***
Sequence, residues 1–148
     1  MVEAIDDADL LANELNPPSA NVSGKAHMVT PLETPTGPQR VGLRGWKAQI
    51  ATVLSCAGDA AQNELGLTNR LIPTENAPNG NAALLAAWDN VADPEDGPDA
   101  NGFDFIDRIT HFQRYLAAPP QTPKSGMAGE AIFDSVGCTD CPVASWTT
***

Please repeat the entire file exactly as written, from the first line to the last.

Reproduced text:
Sequence, residues 1–148
     1  MVEAIDDADL LANELNPPSA NVSGKAHMVT PLETPTGPQR VGLRGWKAQI
    51  ATVLSCAGDA AQNELGLTNR LIPTENAPNG NAALLAAWDN VADPEDGPDA
   101  NGFDFIDRIT HFQRYLAAPP QTPKSGMAGE AIFDSVGCTD CPVASWTT